I am not an NPR listener.
Most, if not all, of the people who know me, some well, are surprised. Let's say, dismayed. Borderline distraught. Because I am the prototypical and stereotypical NPR listener.
It's not that I don't like NPR. I do. A lot. In fact, I love the very idea of NPR. I am, after all, a borderline socialist. Yet I never, ever listen to national public radio -- which represents three things I believe in and love whole heartedly. How come?
I'm not often in positions where NPR makes sense. When I wake up in the morning and shower -- the one time during which I listen to the radio as such (not online; I listen to online radio at other times) -- I want music, energetic music. Not talk, not news, not views. I read several newspapers every day during my time on the train, so I don't need radio for news. And because I don't drive to work, I don't have the luxury of drive time with the radio, during which I would listen to NPR -- or books on tape, something else I just don't do. (For different reasons. I also love the idea of books on tape, but outside of the great courses or old-time radio MP3's, I've yet to delve into audio books.)
I also associate NPR with a very specific time of my life. During the summer of 1991 (as well as other successive short periods), I worked for the Milton Courier, a weekly newspaper in southern Wisconsin with a circulation of less than 4,000 (shout out: Doug Welch!), as an intern.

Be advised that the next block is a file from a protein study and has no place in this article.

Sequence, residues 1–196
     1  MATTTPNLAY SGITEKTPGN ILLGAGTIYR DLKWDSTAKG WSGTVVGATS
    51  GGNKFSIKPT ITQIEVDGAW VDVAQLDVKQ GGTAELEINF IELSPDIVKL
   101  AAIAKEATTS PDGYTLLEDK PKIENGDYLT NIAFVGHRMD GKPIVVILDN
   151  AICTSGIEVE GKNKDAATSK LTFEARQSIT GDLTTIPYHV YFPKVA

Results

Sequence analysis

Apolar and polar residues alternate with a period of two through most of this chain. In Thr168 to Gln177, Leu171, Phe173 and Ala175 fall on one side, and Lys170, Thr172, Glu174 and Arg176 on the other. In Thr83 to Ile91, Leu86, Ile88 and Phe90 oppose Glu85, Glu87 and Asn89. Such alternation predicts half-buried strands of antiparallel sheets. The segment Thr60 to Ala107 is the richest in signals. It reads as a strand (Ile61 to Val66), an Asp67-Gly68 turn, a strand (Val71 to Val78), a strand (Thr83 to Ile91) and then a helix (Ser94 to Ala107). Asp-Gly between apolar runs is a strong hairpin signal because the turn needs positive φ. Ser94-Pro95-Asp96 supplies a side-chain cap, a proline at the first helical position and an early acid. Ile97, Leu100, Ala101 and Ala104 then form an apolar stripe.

As an intern for the small-town weekly, I wrote stories, edited stories, copy edited stories, took photos, developed photos, wrote captions for my and other photos, designed ads, wrote ads, laid out papers using a waxer (!!!), took papers off the press, loaded papers in the van, delivered papers to vendors, and collected unsold papers from those self-same vendors.
While down in the deep-dark basement, chock full of mouldering piles of the tabloid's back issues, of the Courier's offices, developing said film, I could listen to one of two things: NPR on the tape-playing radio or Harry Chapin cassettes (Doug's fave). I listened to both, in great abundance. Of the two, I tired of NPR, but not of Chapin's music. (Even though I did have a negative reaction to Chapin for awhile, just as I did the pancakes I cooked at Camp Indian Trails.)
What's the diff?
NPR is timely. Chapin is timeless. And one, more than the other, fit into my broader interest of music -- while, as a fledgling media dietician, I was enamored by current events and commentary, but not radio outside of music.
(Regardless, I still consider both in the light of unhealthy photographic development chemicals, many to this day unknown -- and doused on my hands and poured down an ill-designed sick sink. Both NPR and Harry Chapin will always be associated with somewhat-conscious local environmental pollution because of the Courier's photo-chemical sink setup.)
For the last hour, at the behest of my newly formal and totally awesome girlfriend, I listened to what I thought was NPR. It wasn't "This American Life," but it was WNYC-FM, and I was taken back in time -- and rhyme -- because of Net radio.
Do you listen to NPR? How come? And how so?